(MintPress) – There are a handful of demographics the Republican presidential candidate Mitt Romney struggled to gain the support of on Election Day: Women and minority voters top the list. But an interesting trend manifested itself that night, as the top 10 educated states in the country voted for President Barack Obama, while nine of the 10 […]
(MintPress) – There are a handful of demographics the Republican presidential candidate Mitt Romney struggled to gain the support of on Election Day: Women and minority voters top the list. But an interesting trend manifested itself that night, as the top 10 educated states in the country voted for President Barack Obama, while nine of the 10 least educated states voted for Romney. The voting trend may coincide with the education policies Democrats and Republicans ran on, as Republicans took a more hardline approach to public education funding and championed efforts to reduce the influence of teachers unions.
Over the past two years, public education and teachers unions became a punching bag for Republican legislators. In the summer of 2011, Republicans entered preliminary 2012 budget talks with a plan to cut $153.4 billion from labor, health and, most of all, education. Prior to that, Republican Wisconsin Gov. Scott Walker proposed legislation to repeal most of the collective bargaining rights for school employees and teachers unions. Walker was pushing to only allow public unions the capability to bargain for cost-of-living salary increases, which prompted a recall election of which Walker narrowly won.
And most recently, Romney used part of his presidential campaign to say that teachers unions should be limited in their political contributions, despite Romney accepting millions of dollars on behalf of private corporations and business moguls. Romney said it was an injustice to have politicians ruling on policies of which they were so closely linked to.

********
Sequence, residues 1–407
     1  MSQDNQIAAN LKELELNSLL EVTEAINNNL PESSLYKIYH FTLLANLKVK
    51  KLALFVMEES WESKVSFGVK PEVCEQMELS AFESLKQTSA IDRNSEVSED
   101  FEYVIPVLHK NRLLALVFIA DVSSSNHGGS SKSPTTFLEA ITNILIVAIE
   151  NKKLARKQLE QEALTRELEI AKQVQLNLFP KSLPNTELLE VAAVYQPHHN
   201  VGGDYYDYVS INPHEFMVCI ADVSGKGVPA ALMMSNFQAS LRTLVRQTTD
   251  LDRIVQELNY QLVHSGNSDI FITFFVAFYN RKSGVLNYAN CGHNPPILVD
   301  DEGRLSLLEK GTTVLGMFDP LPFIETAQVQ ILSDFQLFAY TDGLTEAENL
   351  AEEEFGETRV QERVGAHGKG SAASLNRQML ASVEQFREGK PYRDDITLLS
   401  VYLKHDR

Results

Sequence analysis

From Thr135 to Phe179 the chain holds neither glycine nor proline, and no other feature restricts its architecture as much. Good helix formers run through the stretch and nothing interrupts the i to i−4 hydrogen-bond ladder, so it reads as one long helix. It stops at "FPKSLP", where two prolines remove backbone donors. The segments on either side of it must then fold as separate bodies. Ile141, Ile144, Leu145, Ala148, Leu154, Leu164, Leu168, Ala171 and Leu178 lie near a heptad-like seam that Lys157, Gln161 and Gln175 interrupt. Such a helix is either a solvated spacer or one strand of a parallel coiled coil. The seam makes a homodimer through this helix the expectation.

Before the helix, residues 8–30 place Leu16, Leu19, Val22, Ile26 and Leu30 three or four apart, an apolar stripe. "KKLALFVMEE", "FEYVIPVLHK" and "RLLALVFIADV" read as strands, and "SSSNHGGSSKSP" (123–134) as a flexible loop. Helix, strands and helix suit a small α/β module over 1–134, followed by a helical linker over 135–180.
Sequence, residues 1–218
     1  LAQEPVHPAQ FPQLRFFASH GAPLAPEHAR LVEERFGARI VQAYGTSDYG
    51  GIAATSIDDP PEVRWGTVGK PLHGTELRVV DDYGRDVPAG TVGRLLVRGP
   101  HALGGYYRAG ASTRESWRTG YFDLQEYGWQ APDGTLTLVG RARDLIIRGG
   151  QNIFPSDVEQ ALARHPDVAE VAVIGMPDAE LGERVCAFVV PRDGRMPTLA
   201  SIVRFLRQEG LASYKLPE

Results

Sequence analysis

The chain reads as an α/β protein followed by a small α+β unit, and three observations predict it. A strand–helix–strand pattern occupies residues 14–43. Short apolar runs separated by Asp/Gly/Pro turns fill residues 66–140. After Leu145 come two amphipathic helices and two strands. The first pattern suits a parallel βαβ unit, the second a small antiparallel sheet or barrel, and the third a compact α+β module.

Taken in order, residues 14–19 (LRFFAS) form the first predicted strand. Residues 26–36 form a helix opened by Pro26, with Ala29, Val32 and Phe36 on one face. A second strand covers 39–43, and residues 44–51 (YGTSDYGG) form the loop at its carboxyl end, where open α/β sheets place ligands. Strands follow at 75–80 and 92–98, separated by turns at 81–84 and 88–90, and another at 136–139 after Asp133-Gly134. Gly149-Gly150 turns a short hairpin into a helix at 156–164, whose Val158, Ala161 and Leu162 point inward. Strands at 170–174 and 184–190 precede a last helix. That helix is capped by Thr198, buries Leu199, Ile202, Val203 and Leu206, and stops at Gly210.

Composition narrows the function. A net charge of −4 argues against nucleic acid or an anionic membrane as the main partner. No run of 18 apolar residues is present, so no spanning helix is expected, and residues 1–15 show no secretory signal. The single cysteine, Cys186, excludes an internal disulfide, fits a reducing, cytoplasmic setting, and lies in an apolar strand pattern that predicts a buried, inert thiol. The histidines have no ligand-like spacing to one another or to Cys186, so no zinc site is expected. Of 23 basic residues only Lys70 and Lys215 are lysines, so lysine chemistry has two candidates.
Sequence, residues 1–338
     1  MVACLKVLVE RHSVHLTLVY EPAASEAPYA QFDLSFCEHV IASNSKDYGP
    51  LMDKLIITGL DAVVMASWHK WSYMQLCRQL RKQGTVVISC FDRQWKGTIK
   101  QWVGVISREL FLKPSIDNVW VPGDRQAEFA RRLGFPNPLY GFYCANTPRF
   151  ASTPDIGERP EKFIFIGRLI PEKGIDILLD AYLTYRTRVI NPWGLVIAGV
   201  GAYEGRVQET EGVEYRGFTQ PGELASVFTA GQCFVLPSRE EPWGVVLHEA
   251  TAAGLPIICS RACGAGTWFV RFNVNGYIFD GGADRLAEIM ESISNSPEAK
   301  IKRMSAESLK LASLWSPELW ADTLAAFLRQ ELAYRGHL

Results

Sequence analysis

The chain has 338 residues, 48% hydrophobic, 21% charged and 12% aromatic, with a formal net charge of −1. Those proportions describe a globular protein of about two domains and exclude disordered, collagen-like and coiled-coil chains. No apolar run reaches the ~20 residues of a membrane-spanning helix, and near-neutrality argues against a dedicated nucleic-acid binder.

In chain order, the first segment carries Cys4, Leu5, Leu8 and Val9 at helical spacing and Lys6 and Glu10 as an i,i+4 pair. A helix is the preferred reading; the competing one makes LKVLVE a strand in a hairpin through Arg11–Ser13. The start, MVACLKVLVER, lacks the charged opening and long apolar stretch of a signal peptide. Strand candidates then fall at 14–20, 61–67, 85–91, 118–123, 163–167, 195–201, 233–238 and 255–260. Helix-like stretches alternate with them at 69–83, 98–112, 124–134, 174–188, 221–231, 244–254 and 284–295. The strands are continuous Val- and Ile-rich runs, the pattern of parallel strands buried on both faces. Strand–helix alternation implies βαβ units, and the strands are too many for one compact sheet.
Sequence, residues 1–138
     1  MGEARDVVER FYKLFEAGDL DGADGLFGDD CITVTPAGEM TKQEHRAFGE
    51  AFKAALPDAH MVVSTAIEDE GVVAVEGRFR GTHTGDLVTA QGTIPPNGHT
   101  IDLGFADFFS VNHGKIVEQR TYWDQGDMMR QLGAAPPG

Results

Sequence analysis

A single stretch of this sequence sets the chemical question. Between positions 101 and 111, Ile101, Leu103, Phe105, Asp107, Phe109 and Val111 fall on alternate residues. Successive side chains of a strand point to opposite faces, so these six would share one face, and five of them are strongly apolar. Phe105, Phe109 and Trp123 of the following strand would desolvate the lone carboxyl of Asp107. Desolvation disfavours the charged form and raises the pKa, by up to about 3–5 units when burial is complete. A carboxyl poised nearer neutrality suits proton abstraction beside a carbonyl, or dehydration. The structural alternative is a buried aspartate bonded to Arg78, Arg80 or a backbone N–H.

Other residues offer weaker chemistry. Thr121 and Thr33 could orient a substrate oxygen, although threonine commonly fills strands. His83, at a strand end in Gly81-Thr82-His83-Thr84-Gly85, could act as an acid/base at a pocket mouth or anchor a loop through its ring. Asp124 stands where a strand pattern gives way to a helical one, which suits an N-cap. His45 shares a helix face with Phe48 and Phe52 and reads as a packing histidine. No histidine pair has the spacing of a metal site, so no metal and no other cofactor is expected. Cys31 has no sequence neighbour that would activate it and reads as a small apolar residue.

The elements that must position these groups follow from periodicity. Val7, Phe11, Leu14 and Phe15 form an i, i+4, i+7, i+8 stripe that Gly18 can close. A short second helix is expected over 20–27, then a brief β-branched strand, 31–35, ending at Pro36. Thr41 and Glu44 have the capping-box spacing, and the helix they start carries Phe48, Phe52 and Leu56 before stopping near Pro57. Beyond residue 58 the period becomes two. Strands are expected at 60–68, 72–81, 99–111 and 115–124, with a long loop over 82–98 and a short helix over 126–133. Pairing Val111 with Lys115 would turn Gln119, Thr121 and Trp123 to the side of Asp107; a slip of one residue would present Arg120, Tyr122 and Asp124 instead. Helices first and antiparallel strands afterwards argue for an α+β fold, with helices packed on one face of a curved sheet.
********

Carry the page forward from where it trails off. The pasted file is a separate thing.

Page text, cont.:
“We simply can’t have a setup where the teachers unions can contribute tens of millions of dollars to the campaigns of politicians and then those politicians, when elected, stand across from them at the bargaining table, supposedly to represent the interests of the kids,” he said. “I think it’s a mistake. I think we’ve got to get the money out of the teachers unions going into campaigns. It’s the wrong way for us to go. We’ve got to separate that.”
Union power goes blue
The hidden motivation for Romney, however, seems relatively clear. According to Open Secrets, teachers unions contribute 95 percent of their allocated funds to Democrats, which also falls in line with their voting habits. The two largest teachers’ unions in the country – the American Federation of Teachers (AFT) and the National Education Association (NEA) – donated 99 percent and 91 percent of their funds respectively to Democrats during the 2008 presidential election.
Open Secrets says teachers favor Democratic education policies far more than those of Republicans. Teachers were responsive to Obama’s Race to the Top plan, which supplanted the previous No Child Left Behind program signed into law early in George W. Bush’s first presidential term. Romney, however, wanted to keep the No Child Left Behind system in place, but with slight changes. In the simplest terms, teachers and unions heavily vote Democratic because the party’s policies are in line with the ideals of teachers and unions.
“Teachers unions’ primary goals include decreasing class sizes, defeating proposals to offer public school students vouchers for private schools and improving student/teacher interaction,” Open Secrets wrote. “The unions also focus on issues of pay, tenure and the availability of classroom resources. Another priority for these groups during the 111th Congress is passage of health care reform and passage of the Employee Free Choice Act, a measure supporters say will make it easier for workers to unionize.”